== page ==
Impact: Reducing the cost and environmental effect of capturing phosphorus from wastewater
Mineral phosphorus is an increasingly scarce natural commodity valued in agriculture as a fertiliser.
A UOW team is meeting the challenge posed by the shortage of phosphorus by developing an efficient method for extracting phosphorus from wastewater, with the additional benefit of delivering clean water.
Traditional methods for capturing phosphorus from wastewater involve using chemicals to precipitate a mineral called struvite from the water - struvite contains phosphorus, ammonium, and magnesium, and is a useful slow-release fertilizer. Currently, however, extracting it is a costly process.
A team from the UOW School of Civil, Mining and Environmental Engineering, led by Professor Long Nghiem, are working to solve the cost of this process by reducing the amount of chemicals required to remove struvite from wastewater using an osmosis-distillation method.
Their prototype system involves a two-sided cell divided by a semipermeable membrane, with concentrated wastewater on one side and a highly concentrated salt ‘draw’ solution on the other. Osmosis drives water across the membrane from the more dilute wastewater side to the ‘draw’ solution, increasing the concentration of phosphorus and ammonium in the wastewater.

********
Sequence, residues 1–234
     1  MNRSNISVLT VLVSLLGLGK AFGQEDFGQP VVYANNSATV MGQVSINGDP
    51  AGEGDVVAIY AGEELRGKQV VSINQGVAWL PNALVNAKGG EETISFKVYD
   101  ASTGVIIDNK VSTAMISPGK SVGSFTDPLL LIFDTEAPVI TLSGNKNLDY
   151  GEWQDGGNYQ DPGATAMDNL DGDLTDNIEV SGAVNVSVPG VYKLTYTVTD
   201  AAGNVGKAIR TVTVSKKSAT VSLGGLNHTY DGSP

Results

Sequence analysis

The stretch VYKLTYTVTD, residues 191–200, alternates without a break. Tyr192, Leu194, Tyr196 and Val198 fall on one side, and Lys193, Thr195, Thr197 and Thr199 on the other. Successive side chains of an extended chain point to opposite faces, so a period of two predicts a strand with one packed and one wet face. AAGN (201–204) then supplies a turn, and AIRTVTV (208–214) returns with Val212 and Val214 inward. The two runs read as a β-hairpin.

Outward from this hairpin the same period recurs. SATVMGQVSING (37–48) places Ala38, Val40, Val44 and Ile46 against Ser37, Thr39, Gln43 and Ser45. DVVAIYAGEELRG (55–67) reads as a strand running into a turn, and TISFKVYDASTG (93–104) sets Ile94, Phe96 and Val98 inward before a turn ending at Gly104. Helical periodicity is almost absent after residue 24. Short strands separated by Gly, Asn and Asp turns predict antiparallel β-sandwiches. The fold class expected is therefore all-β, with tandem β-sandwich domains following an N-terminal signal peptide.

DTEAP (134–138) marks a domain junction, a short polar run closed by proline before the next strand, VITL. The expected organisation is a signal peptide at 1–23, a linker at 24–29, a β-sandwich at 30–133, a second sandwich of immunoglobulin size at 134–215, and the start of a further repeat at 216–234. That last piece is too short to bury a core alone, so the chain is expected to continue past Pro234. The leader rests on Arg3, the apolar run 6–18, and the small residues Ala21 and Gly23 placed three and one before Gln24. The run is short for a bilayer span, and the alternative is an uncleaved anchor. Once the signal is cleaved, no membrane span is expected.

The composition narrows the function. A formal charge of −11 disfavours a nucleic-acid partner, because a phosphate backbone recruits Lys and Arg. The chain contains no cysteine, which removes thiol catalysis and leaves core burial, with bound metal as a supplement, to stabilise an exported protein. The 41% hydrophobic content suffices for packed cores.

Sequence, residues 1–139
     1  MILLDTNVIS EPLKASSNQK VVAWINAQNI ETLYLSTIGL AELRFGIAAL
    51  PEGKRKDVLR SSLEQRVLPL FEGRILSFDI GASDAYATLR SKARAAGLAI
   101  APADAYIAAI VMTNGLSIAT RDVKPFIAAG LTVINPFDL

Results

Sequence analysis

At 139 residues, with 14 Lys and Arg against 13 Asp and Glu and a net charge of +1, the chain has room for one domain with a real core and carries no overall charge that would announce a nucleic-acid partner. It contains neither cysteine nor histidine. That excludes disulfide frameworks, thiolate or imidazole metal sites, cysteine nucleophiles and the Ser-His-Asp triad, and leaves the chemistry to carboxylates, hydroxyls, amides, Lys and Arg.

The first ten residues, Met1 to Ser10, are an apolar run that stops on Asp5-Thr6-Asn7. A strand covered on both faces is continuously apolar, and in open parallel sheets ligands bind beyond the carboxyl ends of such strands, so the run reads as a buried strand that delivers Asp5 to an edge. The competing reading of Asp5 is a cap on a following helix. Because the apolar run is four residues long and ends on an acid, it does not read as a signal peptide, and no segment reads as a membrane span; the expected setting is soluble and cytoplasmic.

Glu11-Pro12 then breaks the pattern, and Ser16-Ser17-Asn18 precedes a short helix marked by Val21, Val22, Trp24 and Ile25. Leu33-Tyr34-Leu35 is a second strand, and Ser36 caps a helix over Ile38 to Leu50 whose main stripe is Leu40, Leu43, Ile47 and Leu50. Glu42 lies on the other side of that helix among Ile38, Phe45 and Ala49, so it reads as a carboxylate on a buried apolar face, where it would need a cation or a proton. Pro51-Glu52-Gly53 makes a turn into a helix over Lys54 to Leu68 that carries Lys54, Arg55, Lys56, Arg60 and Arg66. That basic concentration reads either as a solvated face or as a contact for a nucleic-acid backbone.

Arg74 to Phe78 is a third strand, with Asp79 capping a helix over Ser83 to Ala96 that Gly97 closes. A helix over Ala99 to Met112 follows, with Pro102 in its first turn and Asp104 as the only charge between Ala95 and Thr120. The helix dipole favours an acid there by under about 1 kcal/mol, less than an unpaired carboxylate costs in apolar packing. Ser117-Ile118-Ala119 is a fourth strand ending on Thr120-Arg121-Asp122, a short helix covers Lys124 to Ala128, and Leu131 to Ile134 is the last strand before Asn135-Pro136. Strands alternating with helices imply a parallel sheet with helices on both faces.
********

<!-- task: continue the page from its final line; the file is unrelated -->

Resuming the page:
To enhance struvite recovery, the usual sodium chloride (NaCl) draw solution is replaced with one of magnesium chloride (MgCl2), creating a more favourable environment for struvite precipitation.
In the second part of the membrane system, where freshwater is recovered, the draw solution is heated and introduced into a cell with a microporous, hydrophobic membrane. Water vapor passes through to the cooler side of the membrane and condenses.
This distillation process removes freshwater from the MgCl2 solution, effectively renewing the draw solution for continuous operation of the two-part system. The forward osmosis and distillation process requires less than one-sixtieth of the MgCl2 and one-fifteenth of the NaOH compared with the current conventional method.
The research team is working to improve the system’s flow rates, which are impeded by fouling of the semipermeable membrane, requiring frequent flushing with deionised water. Once resolved, the team hope to have a commercially viable system that will provide a reliable and inexpensive supply of phosphorus, as well as a safe method of extracting freshwater from wastewater.
- FACULTY OF ENGINEERING AND INFORMATION SCIENCES, UOW
Professor Long Nghiem
- AUSTRALIAN INSTITUTE FOR INNOVATIVE MATERIALS, UOW
Professor Will Price
- YALE UNIVERSITY, USA
Professor Menachem Elimelech
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